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Ebb and Flow in the American Civil Rights Movement

The Civil Rights movement for African-Americans has been a history of ebb and flow since the end of the Civil War and the introduction of Reconstruction. In part, this non-linear movement toward full equality and integration with white Americans can be blamed on the inefficiency of outlining goals toward achieving equitable civil rights. While awarding political and social rights is a step in the right direction, it remains a fact of life that true enjoyment of civil rights in America cannot be accomplished without also granting economic equality and economic equality was never a vital element in the extension of rights to black citizens.

The legislation that made up the policy of Reconstruction sought to grant humanitarian rights to former slaves on the surface while actually having a political agenda of creating a reliable voting bloc for the Republican Party who were primarily interested in consolidating power following the end of the Civil War. While black men enjoyed the privilege of suffrage, the motivation was far from humanitarian; rather it was designed to create an obstacle to the election of enough to Democrats in the southern states to take control of Congress out of the hands of the Republicans (Ginzberg and Eichner, p. 153). The need for political power in the south also created inequality between blacks in the north and south; northern Republicans needed to rely on black voters less and as a result, the northern black experienced greater disenfranchisement. Despite having acquired newfound political power, however, the economic status of blacks barely changed in both the north and south. Once the presence of federal troops disappeared from the southern states in 1877 the ebb began to reverse and the gains that black had made began to crumble in the face of what came to be known as Jim Crow Laws.

Jim Crow Laws were laws enacted at the state and local level that were designed to provide treatment toward the races that were separate but equal. Although enacted across the country, these laws were practiced most extremely in southern states. In practice, the treatment of blacks was never equal. The result was a step backward in the process of civil rights in which blacks were systematically denied their right to vote. Because no allowances had been made during Reconstruction for the economic equality of blacks, they had no recourse with which to reply. The greatest failure of Reconstruction was its failure to include provisions for the equal distribution of wealth among an entire ethnic group that could not rely upon a heritage of empowerment such as the immigrant groups from Europe. Blacks in America had always been slaves, with no shared history of land ownership or entrepreneurial skills. It was dependence on the white power structure that resulted in the oppression of black citizens by southerners when blacks lost the protection of the federal government (Rabinowitz, p. 400).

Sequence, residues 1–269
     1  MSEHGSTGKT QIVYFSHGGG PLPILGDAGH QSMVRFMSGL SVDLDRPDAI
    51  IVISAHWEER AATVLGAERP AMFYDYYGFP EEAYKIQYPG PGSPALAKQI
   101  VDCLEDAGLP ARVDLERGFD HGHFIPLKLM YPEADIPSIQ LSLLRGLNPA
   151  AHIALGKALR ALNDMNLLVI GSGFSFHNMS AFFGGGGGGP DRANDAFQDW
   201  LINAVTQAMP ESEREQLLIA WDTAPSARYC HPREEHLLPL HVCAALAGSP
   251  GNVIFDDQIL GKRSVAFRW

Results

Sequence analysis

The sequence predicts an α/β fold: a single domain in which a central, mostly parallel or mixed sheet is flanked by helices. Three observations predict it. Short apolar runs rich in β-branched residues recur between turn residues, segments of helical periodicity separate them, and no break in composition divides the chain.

Only after the extension of certain economic equalities following World War II did blacks begin to possess the necessary political clout to challenge their restricted status. Without the financial support of such groups as CORE and the NAACP, the Civil Rights Movement of the 50s and 60s may have been delayed significantly. The ebb and flow continue to this day, however, because economic equality has still not been realized by African-Americans as a group. Unless a black person in America today possesses either athletic or artistic talents, the challenges he will face in arriving at the same kind of economic circumstances as the average white American still looms large.

Works Cited

  1. Ginzberg, Eli and Eichner, Alfred S. Troublesome Presence: Democracy and Black Americans. London: Transaction Publishers, 1993.
  2. Robinowitz, Howard N. Southern Black Leaders of the Reconstruction Era. Chicago: University of Chicago Press, 1982.